Thursday, 11 November 2021

Top Tens: Luke Seymoup's Top Ten Influences

I’m absolutely thrilled to be here on Colin’s Punk Rock World today! And, I’m equally thrilled to have the chance to nerd out about all the influences that have helped make the Seymoup Expanded Universe what it is today! As a musician, I’ve always been a bit of a misfit in terms of genre. I’ve always considered myself a punk musician but others haven’t always been so kind (haha). Punk music is my first and longest passion, but there were definitely a lot of different artists and styles along the way that have contributed to the way my music sounds. I’m glad to have the chance to put on paper (or screen, as it were) all the inspirations that have made me the musician I am. Narrowing down to a list of ten is always hard (there are so many artists that only just missed the cut) but, right now, these seemed like the most important to include. I just hope Brian Fallon, Mike Skinner and Kacey Musgraves can forgive me for the snub!

Alkaline Trio
Anyone who has spoken to me for any length of time since I was about 15 years old probably knows how obsessed I am with this band. Alkaline Trio is the shining example of a band that knows what they do well and sticking to it. They’ve introduced some different elements over the years (like going a bit New Wave on “Agony & Irony”) but the core mix of sweet vocal melodies with dark lyrics is always there. There are so many Alkaline Trio songs that I wish I could have written. Having played in bands with only one guitarist for decades, Skiba’s style certainly influenced how I write and play lead parts (my song ‘MulderScully’ is proof of that). I get a kick out of seeing local bands play live and finding that Skiba influence in the guitar parts. You can always tell.

The Lemonheads
I first heard The Lemonheads on a compilation I bought in high school called “All That Punk.” They’ve always had an affiliation with the punk scene but calling them a punk band is a bit of a stretch. Regardless of genre, the song on there (“Confetti”) had me instantly hooked. Evan Dando’s deep, smooth vocals over loud ringing open chords was addictive and it made me dig into whatever else I could find from them. If Skiba influenced my lead guitar playing, Evan Dando made me love layers and layers of big rhythm guitars that leave your ears ringing. Such an incredible songwriter who knows when to be funny and when to be serious and you never, ever question his sincerity.

Bruce Springsteen
I have memories of listening to the oldies station in the car when I was a kid and having my mum change channels when Bruce came on because she didn’t like his voice. Maybe falling in love with his music was a bit of rebellion for me? Bruce Springsteen was definitely an odd musician for me to become obsessed with at the peak of the emo-pop era. I was a saxophone player as well and the shrieking solos that Clarence Clemons delivered across Bruce’s discography get my blood pumping to this day. What can I possibly add about Bruce’s lyrics that everyone doesn’t already know? His songs have been so important to me for so long and, when I was first forming my band, I was pitching the idea of it to potential members as a “Punk Rock version of the E Street Band.” I think we still live up to that concept in some way.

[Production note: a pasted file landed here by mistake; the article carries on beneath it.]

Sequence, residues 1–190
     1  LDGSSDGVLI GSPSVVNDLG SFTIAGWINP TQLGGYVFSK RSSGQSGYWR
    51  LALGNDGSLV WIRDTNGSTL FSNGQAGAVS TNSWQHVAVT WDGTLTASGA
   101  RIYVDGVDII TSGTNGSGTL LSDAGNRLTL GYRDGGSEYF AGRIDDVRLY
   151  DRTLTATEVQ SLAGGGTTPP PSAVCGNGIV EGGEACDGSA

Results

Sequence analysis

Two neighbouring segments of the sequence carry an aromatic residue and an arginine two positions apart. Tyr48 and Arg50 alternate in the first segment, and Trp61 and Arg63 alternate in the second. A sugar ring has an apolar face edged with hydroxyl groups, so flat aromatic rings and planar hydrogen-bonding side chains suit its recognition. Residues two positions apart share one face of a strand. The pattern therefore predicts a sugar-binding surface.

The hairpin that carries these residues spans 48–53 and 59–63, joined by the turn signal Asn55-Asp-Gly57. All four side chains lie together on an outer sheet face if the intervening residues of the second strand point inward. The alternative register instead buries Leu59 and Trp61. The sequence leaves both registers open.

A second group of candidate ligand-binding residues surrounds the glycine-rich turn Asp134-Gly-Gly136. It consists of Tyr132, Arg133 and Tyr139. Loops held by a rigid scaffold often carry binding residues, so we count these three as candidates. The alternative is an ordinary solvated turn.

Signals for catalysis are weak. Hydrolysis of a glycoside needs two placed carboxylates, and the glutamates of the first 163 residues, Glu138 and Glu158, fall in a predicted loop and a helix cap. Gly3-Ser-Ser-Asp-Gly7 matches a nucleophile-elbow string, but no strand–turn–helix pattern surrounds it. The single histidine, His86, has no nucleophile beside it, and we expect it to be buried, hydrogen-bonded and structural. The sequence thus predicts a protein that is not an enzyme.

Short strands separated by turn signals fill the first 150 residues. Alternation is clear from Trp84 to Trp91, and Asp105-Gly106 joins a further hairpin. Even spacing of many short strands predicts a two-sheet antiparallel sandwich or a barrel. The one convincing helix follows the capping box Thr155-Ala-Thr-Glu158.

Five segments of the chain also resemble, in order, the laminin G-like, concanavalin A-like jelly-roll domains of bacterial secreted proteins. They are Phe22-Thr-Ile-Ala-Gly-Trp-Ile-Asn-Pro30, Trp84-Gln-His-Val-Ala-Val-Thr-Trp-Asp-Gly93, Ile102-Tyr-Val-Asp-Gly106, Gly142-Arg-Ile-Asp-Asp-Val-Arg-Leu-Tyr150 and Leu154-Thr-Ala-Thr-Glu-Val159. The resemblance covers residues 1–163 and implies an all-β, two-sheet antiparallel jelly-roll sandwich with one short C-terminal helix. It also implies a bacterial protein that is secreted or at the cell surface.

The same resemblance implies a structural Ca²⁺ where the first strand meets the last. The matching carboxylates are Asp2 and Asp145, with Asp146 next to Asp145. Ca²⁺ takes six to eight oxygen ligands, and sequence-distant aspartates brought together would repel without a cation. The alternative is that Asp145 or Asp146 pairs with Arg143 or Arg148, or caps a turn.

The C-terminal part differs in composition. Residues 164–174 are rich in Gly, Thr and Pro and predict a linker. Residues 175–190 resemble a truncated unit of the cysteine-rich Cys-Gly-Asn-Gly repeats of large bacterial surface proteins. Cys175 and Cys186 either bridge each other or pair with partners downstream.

The Distillers
I’m sure I’ve told the story in an interview before, but I discovered The Distillers by finding a printed lyric sheet for ‘Dismantle Me’ someone left behind in a classroom in high school. I was hooked on the imagery in the lyrics immediately: vultures pounding their wings; wanting to bury someone; the humidity of Swanston Street on a hot day. I had to hear the song as soon as I could. What I discovered was a howling voice from Brody Dalle and wild energy to the band that I would strive to replicate in my own music for years. Maybe Brody’s voice was my inspiration for the volume I usually sing (and speak) at.

Glenn Danzig is a person who feels like he was conceived as a character in some kind of abstract gothic novel yet, somehow, he’s a real person who exists. I love that he has a vision and aesthetic for exactly what kind of music/comics/movies/whatever he wants to make and he’s stuck to it for nearly half a century. I’m not a metalhead by any stretch of the imagination, but those first three Danzig solo albums feel like some of the heaviest music ever made. Danzig doesn’t need screaming or down-tuned guitars to make his music heavy. Blues riffs in standard tuning and his demonic Elvis impression get the job done. Any record he appears on is something I need to own (yes, even Danzig Sings Elvis). His discography has classics upon classics upon classics and, if you haven’t already, you need to spend a little bit of time appreciated every era of Danzig’s career (especially Samhain who rarely get talked about).

Wu-Tang Clan